In Cambodia, there are still many mentally ill patients who have been locked up at home by desperate family members – chained to the house or a tree. This happens in communities around the country, because family members do not know how to deal with the patients, there are no mental health services available in their community and they lack the finances to seek help further afield or to even take care of the patient.
Sokun* smiles. He feels well. He is leading a normal life, helping out and working at home and on the farm. He feels part of the community. But it wasn’t always so.
Sokun* was found chained with one leg to the middle pillar of an old house. He looked pale, was thin, and dirty. He was aggressive towards others. He was withdrawn and communication with him was impossible. Because of his mental illness, he could not think clearly, was delusional, talked to himself and had hallucinations. His family had taken him to see a traditional Khmer healer, who had performed rituals, but this had not helped or cured him. He remained violent and had damaged other people’s property. As a result, Sokun was abandoned and chained. His family lacked understanding of mental health issues, how patients can be helped, and had no financial resources to deal with the situation.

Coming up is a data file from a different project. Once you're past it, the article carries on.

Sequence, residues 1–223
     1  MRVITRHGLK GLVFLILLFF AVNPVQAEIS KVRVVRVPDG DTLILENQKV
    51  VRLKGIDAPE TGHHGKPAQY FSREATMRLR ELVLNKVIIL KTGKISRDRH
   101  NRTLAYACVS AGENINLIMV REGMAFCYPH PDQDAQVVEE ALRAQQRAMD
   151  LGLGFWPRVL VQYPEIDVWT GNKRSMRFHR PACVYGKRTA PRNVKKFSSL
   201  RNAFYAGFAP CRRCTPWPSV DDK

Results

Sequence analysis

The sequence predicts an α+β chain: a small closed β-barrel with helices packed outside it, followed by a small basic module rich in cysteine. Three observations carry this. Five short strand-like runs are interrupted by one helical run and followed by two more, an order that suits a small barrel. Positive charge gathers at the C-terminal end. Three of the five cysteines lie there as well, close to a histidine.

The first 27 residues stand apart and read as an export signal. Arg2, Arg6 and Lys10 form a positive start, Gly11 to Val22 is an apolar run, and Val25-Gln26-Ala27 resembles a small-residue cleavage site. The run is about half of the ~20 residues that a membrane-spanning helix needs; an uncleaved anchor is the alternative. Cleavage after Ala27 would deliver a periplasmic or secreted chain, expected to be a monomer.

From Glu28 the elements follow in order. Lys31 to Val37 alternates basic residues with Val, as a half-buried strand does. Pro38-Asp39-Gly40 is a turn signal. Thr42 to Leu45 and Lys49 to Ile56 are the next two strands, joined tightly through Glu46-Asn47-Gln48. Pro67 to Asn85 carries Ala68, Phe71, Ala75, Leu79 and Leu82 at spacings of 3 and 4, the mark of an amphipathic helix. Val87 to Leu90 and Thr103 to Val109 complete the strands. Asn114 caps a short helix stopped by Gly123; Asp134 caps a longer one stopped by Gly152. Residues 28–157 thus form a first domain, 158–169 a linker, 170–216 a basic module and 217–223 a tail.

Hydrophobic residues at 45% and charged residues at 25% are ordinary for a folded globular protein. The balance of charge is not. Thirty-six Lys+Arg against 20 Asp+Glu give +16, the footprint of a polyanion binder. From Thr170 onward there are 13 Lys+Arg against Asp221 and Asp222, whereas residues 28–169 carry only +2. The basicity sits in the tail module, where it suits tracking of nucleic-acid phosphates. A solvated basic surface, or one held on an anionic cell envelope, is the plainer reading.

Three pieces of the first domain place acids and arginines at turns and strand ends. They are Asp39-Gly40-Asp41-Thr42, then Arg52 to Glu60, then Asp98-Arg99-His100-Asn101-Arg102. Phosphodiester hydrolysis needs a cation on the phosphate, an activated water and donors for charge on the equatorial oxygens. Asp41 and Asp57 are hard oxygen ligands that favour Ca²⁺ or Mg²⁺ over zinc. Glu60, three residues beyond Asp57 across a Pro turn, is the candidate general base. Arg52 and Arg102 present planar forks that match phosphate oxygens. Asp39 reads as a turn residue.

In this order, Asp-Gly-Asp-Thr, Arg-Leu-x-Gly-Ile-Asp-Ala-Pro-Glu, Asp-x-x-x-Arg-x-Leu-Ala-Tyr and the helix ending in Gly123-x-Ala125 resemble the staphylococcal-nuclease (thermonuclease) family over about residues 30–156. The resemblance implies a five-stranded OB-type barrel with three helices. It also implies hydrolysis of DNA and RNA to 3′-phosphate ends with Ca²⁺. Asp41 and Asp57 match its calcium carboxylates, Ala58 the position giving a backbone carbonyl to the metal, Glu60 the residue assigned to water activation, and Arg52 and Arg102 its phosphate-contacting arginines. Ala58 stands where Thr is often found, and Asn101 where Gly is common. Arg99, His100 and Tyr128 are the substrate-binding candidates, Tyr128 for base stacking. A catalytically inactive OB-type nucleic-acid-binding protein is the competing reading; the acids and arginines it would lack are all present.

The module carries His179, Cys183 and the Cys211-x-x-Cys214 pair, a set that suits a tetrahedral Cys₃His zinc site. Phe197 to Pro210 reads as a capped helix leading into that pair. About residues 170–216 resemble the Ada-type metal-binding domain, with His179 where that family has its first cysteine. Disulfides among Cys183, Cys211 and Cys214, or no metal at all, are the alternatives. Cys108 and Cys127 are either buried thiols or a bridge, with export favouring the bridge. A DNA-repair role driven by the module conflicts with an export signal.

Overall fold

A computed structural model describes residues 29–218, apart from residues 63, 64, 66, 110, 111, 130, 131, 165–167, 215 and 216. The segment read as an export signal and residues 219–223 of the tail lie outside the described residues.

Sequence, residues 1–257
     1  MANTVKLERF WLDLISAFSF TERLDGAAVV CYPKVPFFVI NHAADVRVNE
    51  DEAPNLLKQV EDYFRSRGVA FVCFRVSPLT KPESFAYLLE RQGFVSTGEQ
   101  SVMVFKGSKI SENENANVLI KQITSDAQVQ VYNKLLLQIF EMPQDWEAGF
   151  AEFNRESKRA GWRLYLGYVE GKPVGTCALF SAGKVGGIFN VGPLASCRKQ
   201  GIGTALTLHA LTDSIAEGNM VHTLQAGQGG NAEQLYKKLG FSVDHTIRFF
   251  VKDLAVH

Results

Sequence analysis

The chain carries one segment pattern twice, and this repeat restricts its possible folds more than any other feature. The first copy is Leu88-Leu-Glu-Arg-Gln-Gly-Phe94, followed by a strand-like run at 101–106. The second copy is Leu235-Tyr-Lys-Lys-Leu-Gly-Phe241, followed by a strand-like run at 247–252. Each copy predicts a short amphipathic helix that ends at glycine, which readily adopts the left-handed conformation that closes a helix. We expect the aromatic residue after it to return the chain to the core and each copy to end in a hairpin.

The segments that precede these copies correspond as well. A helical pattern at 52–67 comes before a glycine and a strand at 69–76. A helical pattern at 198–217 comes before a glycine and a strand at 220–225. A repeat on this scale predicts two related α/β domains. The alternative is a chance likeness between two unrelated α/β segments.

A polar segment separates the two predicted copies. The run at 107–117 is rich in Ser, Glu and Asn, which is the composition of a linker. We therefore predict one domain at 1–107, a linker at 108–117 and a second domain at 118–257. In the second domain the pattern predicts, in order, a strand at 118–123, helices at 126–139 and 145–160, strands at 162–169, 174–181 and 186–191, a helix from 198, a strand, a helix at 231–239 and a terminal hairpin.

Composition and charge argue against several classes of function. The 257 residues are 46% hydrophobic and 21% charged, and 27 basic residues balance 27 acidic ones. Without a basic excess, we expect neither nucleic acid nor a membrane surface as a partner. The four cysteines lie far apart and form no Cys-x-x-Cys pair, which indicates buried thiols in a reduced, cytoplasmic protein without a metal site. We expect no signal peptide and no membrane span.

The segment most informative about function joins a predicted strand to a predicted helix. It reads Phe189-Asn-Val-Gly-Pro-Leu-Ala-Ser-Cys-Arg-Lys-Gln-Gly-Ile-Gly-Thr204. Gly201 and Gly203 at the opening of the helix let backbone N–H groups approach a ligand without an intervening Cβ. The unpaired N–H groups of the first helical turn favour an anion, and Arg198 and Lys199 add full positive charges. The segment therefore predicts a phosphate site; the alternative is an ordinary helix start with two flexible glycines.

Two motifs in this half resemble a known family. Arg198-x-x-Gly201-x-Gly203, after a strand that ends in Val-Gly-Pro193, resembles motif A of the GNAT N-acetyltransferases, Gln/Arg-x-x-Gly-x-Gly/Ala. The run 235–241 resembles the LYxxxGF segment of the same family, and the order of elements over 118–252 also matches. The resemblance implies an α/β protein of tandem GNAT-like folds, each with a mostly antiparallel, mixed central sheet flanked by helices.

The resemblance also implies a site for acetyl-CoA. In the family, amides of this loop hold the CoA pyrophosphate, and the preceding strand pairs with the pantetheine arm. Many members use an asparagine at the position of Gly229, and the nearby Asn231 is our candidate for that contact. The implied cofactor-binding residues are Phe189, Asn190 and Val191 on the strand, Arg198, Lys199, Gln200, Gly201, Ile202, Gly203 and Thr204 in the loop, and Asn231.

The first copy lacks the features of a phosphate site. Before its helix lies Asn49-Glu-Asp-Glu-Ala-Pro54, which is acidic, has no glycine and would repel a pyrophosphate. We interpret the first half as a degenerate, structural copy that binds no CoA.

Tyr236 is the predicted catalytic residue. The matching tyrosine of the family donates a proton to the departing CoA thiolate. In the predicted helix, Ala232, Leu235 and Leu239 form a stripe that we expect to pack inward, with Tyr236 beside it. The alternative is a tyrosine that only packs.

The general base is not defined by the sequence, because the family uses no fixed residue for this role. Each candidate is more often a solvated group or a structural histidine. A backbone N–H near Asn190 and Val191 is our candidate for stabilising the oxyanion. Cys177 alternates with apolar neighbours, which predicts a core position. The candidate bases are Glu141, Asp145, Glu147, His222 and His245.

Then a Village Support Health Group (VSHG) which had been trained by TPO Cambodia in basic mental health came across Sokun. They informed and consulted a TPO social worker who then worked with Sokun and his family and community as well as TPO Cambodia, on a comprehensive treatment plan that would help Sokun to get better, be unchained and live a productive life in the community.
Sokun received medical treatment at a local health center that TPO helped to set up and is supporting. He was prescribed some medication. Sokun, his relatives and some other key people in the community benefitted from a series of home visits by a TPO social worker. TPO met with the family, neighbors, the VHSG and the village leader to seek and ensure local resources for the care of the Sokun. VHSG and TPO supported his family psychologically throughout.
As a result, Sokun’s mental health has much improved. He is no longer chained and is now able to help out with work around the house. Villagers have stopped discriminating against him and are supporting him. Sokun is no longer abandoned. His life has changed dramatically – from utter despair and abandonment, to one of freedom, feeling accepted and able to contribute to society.
* the name of the client has been changed to protect his privacy
With Cambodia’s mental health system still in its infancy – and until a solid nationwide system is effective – we at TPO cannot just watch and stand by when we find out about mentally ill patients living in inhumane conditions. To help more patients like Sokun* and support their families and communities through education, we are raising funds during June 2015.